American Family Children’s Hospital – Real Kids. Real Stories. Real Transformations.
By E. Nolan
As one of the primary charity beneficiaries of the PGA Champions Tour’s American Family Championship at University Ridge, the American Family Children’s Hospital in Madison is flourishing and expanding, providing more and more critical opportunities to families and (more specifically) to children in need. Tee Times Magazine spoke with Jeff Poltawsky, the President of the American Family Children’s Hospital and the Senior Vice President of UW Health, about the difference the generous tournament contributions make, as well as the difference the incredible facilities at the Children’s Hospital are able to make for so many that really need the assistance.
Tee Times: We often wonder how direct and broad of an impact our donations have on the people we’re trying to give to. Can money raised from a golf tournament really make much of a difference?
Jeff Poltawsky: Absolutely it can. It has and it does, every day. Last year’s tournament gave us nearly $600,000 to apply to our greatest needs, including programs and services to support patients and families and to advance breakthroughs in pediatric cancer research.
TT: Paint a picture of the facilities for readers, and of the relationship between the hospital and the University of Wisconsin.
JP: The American Family Children’s Hospital is an 8-Story building on the University of Wisconsin campus with 87 beds, 8 operating rooms, a Level I pediatric trauma center and emergency department, a state of the art imaging suite, and a large pediatric specialty clinic. We will be expanding to a 111-bed capacity to meet patient demand, doubling the size of our Level 4 NICU, and open a new Epilepsy Monitoring Unit ALL by the end of this year. As a Nationally Ranked children’s hospital (by US News & World Report) we are closely tied to the incredible Carbone Cancer Center, but manage all children’s services under our roof. We have over 230 medical specialists on staff and are tightly integrated with the University of Wisconsin School of Medicine & Public Health (all on same campus).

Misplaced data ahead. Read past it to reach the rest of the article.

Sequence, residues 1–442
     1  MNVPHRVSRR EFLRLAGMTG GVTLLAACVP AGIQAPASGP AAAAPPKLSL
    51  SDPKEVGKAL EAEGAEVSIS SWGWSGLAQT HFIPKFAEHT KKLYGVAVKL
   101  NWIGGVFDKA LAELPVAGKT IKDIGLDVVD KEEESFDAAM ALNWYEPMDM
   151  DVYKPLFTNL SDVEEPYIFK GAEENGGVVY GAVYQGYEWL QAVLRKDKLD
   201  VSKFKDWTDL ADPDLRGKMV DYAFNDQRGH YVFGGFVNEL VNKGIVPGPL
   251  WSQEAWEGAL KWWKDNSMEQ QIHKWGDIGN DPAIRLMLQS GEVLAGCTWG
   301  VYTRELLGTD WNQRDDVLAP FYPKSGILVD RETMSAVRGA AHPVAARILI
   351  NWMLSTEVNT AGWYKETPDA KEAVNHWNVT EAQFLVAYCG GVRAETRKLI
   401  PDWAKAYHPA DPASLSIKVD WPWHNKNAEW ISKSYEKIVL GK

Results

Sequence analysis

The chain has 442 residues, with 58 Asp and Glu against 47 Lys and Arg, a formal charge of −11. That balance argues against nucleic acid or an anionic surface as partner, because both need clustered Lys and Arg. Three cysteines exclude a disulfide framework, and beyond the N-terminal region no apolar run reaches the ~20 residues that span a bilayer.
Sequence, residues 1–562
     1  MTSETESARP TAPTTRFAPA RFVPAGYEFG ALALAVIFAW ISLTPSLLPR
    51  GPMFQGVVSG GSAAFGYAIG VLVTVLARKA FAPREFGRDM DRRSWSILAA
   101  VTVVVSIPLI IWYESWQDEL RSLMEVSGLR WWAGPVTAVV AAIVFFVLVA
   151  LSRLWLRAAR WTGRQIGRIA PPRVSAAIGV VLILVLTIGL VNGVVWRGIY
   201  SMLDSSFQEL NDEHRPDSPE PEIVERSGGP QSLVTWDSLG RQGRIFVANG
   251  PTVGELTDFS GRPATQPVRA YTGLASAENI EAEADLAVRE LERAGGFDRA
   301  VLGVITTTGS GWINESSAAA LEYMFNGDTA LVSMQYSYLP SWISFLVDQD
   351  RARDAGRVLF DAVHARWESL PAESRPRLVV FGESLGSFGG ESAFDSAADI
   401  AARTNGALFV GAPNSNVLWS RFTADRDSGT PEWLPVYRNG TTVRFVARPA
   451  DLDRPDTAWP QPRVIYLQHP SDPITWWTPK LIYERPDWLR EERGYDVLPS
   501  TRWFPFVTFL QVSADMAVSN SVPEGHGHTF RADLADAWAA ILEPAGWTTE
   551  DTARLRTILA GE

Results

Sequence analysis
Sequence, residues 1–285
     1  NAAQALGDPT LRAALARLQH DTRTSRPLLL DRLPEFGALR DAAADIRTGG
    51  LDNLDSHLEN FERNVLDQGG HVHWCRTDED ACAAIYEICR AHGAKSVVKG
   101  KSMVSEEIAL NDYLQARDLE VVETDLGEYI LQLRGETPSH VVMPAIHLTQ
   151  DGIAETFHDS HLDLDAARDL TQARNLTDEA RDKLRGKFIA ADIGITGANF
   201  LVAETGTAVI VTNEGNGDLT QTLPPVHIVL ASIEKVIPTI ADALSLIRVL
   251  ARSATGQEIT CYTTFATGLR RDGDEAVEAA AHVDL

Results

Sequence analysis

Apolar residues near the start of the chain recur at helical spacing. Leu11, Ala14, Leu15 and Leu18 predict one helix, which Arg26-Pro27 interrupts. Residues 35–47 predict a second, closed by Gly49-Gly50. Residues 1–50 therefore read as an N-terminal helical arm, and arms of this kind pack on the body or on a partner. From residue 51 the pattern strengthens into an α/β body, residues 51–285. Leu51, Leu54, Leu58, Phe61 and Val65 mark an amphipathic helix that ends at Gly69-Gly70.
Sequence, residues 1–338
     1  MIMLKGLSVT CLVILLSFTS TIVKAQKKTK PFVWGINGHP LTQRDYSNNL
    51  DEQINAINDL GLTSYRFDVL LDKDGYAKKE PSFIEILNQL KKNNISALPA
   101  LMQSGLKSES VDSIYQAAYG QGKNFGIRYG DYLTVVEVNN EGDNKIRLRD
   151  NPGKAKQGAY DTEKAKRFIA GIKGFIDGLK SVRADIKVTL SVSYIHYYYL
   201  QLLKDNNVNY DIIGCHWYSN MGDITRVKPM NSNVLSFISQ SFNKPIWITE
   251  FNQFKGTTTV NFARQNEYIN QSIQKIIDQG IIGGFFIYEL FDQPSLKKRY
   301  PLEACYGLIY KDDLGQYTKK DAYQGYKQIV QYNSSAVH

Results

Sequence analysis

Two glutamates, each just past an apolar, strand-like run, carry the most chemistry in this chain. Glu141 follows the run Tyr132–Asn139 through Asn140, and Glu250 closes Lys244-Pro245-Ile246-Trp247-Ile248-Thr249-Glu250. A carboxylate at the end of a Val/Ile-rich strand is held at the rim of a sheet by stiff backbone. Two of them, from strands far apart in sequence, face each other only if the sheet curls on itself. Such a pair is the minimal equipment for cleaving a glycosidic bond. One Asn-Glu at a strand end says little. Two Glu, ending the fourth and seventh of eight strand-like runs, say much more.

TT: That sounds like an incredible opportunity for many, particularly for those interested in the medical field (as a degree and career, with the on-site education), or in directly helping kids who need and deserve it.
JP: One of the many inspirations of working here is seeing how involved University of Wisconsin students are in our children’s hospital, we have hundreds of student volunteers, Wisconsin athletes visit the hospital on “Badger Fridays”, and UW students hold an annual dance marathon to raise money for our programs and services There’s too much to be said about all the good our staff, physicians and volunteers are doing here, and the Tournament… well, tournament proceeds are applied directly to what we call our Greatest Need Fund. The Greatest Need Fund provides for 1. Cancer Research, 2. Patient & Family Support Services and 3. Certified Child Life Specialists.
TT: Children’s Hospitals do so much across the country for kids with Cancer, and your hospital is highly acclaimed for your program in that capacity. But can you explain the Patient & Family Services and these Certified Child Life Specialists?
JP: Our Patient & Family Support Services provide professionally-prepared meals three nights a week for the families we care for, as well as gas cards for helping with transportation costs, and even lodging assistance. Ultimately, the more stress we can take off of families when they visit us, the more positive we can make the experience, and that is where our Certified Child Life Specialists come in. Our specialists have a 4-Year Degree in Child Development, and they excel at helping children not only acclimate to the daily chaos they have no choice but to face, but help the children understand and cope with what they are going through and/or facing. These specialists are prepared to make the best of the worst days of a child’s life.